Size details: I made Size E graded to size F at the hips. My current measurements are Full Bust 48.5″ (123.19cm), Waist 41″ (104.14cm), Hip 54″ (137.16cm).
Fabric consumption: I purchased 2 metres of this fabric and cut on the open.
I couldn’t decide on a good fabric match for the hems of these, so I actually hand-stitched the mitered hem at the front and back of the shirt. I love the square hem inside the shirt, and the gentle dimpling of the hand stitched hem bring me a lot of pleasure when I see it. I think it was definitely worth the effort to finish the shirt without top-stitching the hem.
Often it’s pretty easy to see the ‘hacking possibilities’ of a pattern, but I often get stuck actually going through with the hack because I’m worried about getting the pattern hack right, I’m not sure how much fabric I’ll need, and I’m just generally worried about making a mess of the whole thing- I hate wasting fabric.
The Waikerie Dress Expansion was the perfect way to solve those issues and give folks the instructions and pattern pieces they need to be able to make the Waikerie Shirt in to the Waikerie Dress. What I’ve made here is a modified View C, with long-sleeves and a collar. The hem has a modern-twist on the classic shirt hem and is higher at the front than at the back- I love the way it flows down.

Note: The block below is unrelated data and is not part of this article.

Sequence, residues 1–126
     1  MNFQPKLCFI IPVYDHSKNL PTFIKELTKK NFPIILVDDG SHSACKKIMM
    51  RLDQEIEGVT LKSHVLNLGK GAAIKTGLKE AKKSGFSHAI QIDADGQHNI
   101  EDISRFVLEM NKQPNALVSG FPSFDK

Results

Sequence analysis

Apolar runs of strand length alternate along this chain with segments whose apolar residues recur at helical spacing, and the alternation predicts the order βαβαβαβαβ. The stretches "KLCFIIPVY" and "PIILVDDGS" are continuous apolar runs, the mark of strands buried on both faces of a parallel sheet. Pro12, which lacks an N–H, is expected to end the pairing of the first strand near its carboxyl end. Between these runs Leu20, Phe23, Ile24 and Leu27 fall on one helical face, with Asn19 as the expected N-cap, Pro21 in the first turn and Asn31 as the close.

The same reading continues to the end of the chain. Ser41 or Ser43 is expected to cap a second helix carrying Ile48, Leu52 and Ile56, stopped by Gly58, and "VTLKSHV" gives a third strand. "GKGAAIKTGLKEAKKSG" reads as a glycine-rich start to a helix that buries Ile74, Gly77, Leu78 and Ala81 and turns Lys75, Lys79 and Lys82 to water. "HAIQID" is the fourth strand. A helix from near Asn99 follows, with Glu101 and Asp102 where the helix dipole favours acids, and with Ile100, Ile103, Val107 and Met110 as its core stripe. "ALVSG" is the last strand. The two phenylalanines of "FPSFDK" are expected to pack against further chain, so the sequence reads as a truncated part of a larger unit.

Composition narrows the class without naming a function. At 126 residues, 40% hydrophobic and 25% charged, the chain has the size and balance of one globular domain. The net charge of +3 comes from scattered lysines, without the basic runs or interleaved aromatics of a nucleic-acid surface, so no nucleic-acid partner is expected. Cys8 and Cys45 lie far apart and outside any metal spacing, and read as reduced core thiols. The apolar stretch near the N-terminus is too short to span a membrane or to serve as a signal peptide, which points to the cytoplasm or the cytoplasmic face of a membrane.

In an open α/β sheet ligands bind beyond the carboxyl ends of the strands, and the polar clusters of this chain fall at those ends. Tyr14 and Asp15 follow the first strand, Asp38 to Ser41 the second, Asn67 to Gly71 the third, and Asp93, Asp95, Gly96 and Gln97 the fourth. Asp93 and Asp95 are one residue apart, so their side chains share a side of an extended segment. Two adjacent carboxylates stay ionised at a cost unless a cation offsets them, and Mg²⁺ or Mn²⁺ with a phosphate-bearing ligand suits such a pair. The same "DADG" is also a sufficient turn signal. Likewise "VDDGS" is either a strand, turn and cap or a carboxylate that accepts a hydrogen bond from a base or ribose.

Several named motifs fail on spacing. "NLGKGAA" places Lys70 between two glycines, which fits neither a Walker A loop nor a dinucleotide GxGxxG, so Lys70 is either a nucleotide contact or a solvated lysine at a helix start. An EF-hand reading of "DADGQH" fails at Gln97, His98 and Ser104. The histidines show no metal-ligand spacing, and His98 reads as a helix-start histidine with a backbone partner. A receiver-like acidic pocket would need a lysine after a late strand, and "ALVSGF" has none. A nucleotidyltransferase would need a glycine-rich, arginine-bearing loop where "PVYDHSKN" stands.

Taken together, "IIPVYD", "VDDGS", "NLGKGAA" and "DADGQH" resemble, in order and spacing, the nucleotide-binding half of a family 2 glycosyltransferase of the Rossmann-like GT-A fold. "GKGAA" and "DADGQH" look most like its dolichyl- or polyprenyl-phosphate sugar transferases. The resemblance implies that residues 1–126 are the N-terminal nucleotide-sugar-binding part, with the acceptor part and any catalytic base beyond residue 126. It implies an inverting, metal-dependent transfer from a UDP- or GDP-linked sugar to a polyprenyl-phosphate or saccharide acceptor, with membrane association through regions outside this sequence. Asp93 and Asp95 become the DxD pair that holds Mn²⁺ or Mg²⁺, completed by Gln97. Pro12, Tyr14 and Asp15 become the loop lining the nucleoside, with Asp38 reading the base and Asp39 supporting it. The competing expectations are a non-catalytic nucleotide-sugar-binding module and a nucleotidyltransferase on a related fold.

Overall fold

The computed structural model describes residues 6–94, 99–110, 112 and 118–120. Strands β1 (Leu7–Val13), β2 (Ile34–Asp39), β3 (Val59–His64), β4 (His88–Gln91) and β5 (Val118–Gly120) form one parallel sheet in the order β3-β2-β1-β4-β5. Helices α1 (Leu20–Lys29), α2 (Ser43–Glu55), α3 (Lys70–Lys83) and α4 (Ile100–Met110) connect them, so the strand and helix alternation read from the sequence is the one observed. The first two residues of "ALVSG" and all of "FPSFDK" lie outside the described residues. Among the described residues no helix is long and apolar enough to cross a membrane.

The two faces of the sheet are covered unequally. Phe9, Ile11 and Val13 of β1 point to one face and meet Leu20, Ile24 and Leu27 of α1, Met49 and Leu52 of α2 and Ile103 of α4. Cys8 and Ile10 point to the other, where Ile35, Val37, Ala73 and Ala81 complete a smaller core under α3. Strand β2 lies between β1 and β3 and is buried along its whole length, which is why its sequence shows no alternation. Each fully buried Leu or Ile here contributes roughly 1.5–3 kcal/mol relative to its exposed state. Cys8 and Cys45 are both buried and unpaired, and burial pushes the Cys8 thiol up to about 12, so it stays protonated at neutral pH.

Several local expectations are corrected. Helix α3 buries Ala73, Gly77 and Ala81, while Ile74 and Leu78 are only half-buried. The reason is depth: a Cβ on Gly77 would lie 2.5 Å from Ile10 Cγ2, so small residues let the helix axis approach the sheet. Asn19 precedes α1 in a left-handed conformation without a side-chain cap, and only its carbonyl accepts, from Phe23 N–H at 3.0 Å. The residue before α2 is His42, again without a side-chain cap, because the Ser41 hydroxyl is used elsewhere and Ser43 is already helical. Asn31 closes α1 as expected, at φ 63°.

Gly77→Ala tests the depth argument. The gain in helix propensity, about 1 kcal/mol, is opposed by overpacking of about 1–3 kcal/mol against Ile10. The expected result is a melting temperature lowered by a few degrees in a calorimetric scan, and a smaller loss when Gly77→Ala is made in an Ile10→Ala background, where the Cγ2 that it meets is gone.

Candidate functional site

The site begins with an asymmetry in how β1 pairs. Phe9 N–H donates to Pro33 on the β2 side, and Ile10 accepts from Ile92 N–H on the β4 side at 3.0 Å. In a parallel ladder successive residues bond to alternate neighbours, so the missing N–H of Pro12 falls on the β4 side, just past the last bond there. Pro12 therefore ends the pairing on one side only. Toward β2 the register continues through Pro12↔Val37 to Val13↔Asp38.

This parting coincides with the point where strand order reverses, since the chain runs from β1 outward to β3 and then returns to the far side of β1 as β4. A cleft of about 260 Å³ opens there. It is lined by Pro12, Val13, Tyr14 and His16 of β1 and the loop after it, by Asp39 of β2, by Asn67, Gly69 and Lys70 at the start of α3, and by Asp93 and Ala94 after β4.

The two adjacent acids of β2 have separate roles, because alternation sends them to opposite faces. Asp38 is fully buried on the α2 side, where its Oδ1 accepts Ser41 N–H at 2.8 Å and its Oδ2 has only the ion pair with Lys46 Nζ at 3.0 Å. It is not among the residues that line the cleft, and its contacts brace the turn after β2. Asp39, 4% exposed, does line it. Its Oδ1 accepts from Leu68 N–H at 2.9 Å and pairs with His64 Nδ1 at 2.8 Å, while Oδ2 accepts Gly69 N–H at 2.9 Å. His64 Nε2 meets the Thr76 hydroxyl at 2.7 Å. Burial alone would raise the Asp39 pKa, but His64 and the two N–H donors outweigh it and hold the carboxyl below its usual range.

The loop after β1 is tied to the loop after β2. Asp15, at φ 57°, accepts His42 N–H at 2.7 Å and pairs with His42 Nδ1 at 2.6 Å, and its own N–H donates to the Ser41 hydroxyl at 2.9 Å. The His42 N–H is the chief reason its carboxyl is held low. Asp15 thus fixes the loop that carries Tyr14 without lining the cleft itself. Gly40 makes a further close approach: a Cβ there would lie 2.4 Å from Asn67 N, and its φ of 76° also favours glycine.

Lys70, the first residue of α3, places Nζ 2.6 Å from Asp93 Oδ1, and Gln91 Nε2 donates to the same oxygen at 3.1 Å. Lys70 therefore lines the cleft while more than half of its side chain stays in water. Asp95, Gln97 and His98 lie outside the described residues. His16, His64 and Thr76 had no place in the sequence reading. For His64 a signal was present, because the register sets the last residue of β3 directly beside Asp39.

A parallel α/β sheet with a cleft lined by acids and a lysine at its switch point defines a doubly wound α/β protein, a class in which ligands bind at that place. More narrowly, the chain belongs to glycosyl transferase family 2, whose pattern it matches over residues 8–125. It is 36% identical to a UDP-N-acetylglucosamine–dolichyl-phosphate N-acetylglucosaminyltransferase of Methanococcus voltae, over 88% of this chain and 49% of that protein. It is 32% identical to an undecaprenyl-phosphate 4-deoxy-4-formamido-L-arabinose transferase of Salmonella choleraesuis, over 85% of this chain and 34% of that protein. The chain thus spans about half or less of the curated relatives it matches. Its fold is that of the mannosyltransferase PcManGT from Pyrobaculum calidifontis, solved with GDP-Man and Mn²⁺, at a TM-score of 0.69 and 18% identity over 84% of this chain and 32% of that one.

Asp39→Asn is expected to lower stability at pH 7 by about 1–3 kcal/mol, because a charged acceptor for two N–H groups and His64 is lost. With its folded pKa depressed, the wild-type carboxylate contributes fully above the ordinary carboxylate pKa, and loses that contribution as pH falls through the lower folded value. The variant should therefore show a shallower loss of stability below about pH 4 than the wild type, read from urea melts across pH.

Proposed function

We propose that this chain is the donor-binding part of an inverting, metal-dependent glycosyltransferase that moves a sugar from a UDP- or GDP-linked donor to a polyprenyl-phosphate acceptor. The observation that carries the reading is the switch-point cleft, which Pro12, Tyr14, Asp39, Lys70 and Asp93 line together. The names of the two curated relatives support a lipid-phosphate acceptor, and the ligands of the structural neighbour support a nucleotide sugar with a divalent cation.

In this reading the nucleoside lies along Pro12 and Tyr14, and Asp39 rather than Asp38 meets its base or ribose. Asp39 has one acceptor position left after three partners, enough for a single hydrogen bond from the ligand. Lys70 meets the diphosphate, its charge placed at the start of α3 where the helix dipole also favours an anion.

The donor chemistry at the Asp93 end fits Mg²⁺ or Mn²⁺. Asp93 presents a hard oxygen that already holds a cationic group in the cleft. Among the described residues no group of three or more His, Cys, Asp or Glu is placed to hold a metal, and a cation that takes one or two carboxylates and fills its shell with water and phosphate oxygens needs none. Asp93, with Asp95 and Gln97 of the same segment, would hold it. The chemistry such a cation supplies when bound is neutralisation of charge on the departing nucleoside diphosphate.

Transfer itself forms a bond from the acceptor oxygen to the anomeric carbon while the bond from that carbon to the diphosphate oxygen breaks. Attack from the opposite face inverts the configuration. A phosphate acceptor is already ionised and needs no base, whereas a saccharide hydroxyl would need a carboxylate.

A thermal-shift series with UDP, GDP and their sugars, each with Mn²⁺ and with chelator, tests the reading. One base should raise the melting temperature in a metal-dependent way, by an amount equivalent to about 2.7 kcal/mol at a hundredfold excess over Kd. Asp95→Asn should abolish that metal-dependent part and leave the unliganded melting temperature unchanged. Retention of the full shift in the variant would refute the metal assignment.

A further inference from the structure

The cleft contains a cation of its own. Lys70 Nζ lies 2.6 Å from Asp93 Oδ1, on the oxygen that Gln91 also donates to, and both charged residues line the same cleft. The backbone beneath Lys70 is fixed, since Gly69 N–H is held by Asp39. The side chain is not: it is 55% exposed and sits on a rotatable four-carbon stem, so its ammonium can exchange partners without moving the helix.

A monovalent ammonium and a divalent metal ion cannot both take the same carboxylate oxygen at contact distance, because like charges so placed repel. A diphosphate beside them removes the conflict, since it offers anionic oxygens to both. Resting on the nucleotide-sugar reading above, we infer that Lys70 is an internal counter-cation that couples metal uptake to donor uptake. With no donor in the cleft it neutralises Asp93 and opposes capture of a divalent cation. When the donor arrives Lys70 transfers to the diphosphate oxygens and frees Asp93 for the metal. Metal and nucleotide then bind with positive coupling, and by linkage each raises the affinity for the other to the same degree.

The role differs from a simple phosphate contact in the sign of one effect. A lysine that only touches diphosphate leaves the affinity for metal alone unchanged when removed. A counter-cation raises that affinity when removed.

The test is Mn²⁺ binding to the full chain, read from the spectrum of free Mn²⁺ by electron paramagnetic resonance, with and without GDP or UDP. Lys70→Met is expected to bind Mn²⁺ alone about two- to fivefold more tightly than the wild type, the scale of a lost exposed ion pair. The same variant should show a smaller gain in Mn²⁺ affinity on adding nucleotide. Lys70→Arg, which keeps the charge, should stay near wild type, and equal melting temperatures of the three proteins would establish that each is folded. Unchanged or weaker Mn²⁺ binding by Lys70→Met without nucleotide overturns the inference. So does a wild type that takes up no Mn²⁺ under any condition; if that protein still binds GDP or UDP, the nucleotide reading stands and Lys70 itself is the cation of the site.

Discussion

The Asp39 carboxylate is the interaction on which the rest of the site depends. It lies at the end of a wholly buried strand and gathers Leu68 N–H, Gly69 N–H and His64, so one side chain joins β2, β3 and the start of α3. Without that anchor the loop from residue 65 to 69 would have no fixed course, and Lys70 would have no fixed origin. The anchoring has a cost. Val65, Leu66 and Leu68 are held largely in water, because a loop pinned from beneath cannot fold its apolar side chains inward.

Size Details: Since the pattern is an expansion, it does require some of the Waikerie Shirt pieces to complete it. The Muna and Broad sizing has recently increased (additional smaller sizes were added) and a new lettering system for the sizes. Where I was previously a Size 1, I now cut out a Size F. Right now I have a 48″ full bust and between a 52-56″ hip, depending on bloating.
Fabric Details: I pride myself on being able to jigsaw my pattern pieces pretty tight, so I managed to get this dress out of less than 3 metres of fabric (which is 148cm wide). This includes two decent size pocket pieces (could have been cut from a lining fabric), and the facing, which wraps around the neckline and down the front of the dress. I did wish that I’d picked up some of the matching linen bias binding to help with finishing the curved hem, but I didn’t think of it when I was in store.
I had a strangely difficult time finding buttons from my stash, both because I didn’t have enough of most of them, and because the colour was a difficult one to pair. I ended up using these cute wee wooden buttons, but I didn’t have enough for my cuffs (which remain button and buttonhole-free until I can find the right buttons to pair with the dress!
I’ve already cut out and mostly sewn View B with the mitered corners and a knee-high split, and I’m also thinking about a cosy cotton version for winter (or maybe a silk noil) if I can find the perfect fabric.